Battle: Los Angeles
Rare is the movie that loses points for being too realistic. But Jonathan Liebesman's alien invasion picture feels less like an epic and more like a genuinely plausible war picture. This is not a bad thing, and the film is generally successful at showing what the military response to such a domestic threat might be. The film is basically Black Hawk Down, with the faceless marauders being from outer-space instead of militant indigenous people. While the marketing promises scale, the film merely delivers claustrophobic survival with no real deeper meaning that would give the carnage any real weight. Liebesman gets the details seemingly right, but the end result is a war picture where the fact that the invaders are from 'up there' seems almost beside the point.
The plot is pretty simple. Alien forces have invaded the entire Earth, with complete annihilation on their would-be minds. Countless major cities have already fallen, and the film focuses on a single platoon sent into Los Angeles to search for survivors and transport them to safety. Joining the mission just before his retirement is SSgt. Michael Nantz (Aaron Eckhart), who is now forced to serve alongside those who still resent his decision making during the Iraq occupation, which led to several of his men being killed. That's basically it. The film wastes little time on setup or fleshing out the various servicemen who will be in harm's way, and the stakes are established pretty quickly. We get only the barest details on Nantz's fellow soldiers: one has a pregnant wife, one is about to get married, one has a brother who was killed under Nantz's command, etc. Like Black Hawk Down and Gettysburg, the film is entirely concerned with the planning and execution of armed conflict.
All of the acting is exactly as good as it needs to be. There are no real 'big scenes', which also means a genuine lack of melodrama. Along the way, we meet a handful of refugees and TSgt. Elena Santos (Michelle Rodriguez), a sole survivor from a decimated squad who may have information on how to better defend against the alien menace. But the core of the film is about the difficulty of merely getting from point A to point B without loss of life. This leaves the film a bit adrift in the second and third acts, as we are constantly told that 'once they get HERE', then they'll be safe', only to have the goal post moved yet again. The film is nearly two hours long, yet the set-up is dispensed with in the first twenty-minutes or so, leaving an extended middle act of episodic incident and an entire last act that is one false ending after another.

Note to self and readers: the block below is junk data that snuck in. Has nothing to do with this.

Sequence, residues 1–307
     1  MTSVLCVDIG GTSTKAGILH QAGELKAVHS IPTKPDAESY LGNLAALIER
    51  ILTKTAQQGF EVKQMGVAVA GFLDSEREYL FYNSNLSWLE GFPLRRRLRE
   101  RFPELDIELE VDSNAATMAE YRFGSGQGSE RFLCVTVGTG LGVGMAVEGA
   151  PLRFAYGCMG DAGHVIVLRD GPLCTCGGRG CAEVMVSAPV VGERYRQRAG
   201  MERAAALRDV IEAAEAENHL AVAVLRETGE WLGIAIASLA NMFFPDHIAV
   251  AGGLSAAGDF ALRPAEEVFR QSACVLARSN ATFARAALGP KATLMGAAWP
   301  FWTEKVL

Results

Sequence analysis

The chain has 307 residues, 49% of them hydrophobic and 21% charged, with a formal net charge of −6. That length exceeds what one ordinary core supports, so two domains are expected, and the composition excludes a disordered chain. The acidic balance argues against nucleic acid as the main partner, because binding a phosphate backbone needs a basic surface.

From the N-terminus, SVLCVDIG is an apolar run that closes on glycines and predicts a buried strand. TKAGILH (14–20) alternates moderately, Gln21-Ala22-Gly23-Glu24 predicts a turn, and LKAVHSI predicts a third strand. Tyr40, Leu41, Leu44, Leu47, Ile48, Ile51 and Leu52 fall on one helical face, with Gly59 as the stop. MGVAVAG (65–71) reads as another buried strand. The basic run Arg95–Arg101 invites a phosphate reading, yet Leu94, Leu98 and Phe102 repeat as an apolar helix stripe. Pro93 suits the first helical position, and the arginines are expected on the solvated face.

For most of the film, we see the invasion from the soldiers' point of view, seeing only what they would witness as they go from house to house to find safe transportation. The film does occasionally cheat, showing us wide shots of full-scale alien destruction, if only so the trailers would have something to advertise. While the majority of the film feels claustrophobic and rather contained, the finale does open up the scale quite a bit and delivers on the promised 'money shots'. But for most of the running time, Battle: Los Angeles comes frighteningly close to resembling one of those seemingly epic action/horror stories that takes place in a few cheap interior locations. Like any number of films that tries to look more expensive than they are, there is much that is merely suggested rather than shown, and you rarely get a feel for the large-scale nature of the operation until the finale. To be fair, the film does eventually get pretty big right in time for the end.
Having said all of that, the film has a certain apparent realism that gives it credibility. While (generally speaking) characters die in just about the order you would expect them to, there is a jolting offhand nature to the carnage. Perhaps because of a need to secure a PG-13, more than a few major characters die in relatively obtuse, nearly-offscreen fashions, leaving us to only realize who perished when we take a moment to notice who isn't standing (to be fair, that is probably how it goes in real combat as well...). While the film is indeed relatively light on blood and gore, it does not skimp on showing the lives lost in the carnage. Unlike, say, Cloverfield, there are dead bodies everywhere. And there is an extended scene where the soldiers capture a wounded creature and basically perform a live dissection in order to find a weak spot. It's a creepy moment, but it really has no pay-off in the later narrative.
In the end, Battle: Los Angeles is pretty successful at what it sets out to do, but the picture often fails to engage beyond surface level technical pleasures. Those wanting an alien invasion picture on the scale of Independence Day will be sorely disappointed, as the film truly focuses only on the carnage affecting Los Angeles as opposed to worldwide destruction. It lacks any deeper meaning and thus lacks relevance. Still, as a war picture that just happens to involve out-of-this-world enemies, it is relentlessly grim and frighteningly plausible, even as it lacks the emotion that its marketing offered up (again, blame the trailer music). It is not a bad picture but (and I may be the only critic who writes the following sentence), as a fan of Texas Chainsaw: The Beginning, I was expecting a little more.
More:Entertainment Texas Chainsaw Massacre: The Beginning Jonathan Liebesman Michelle Rodriguez Aaron Eckhart
HuffPost Entertainment is your one-stop shop for celebrity news, hilarious late-night bits, industry and awards coverage and more — sent right to your inbox six days a week. Learn more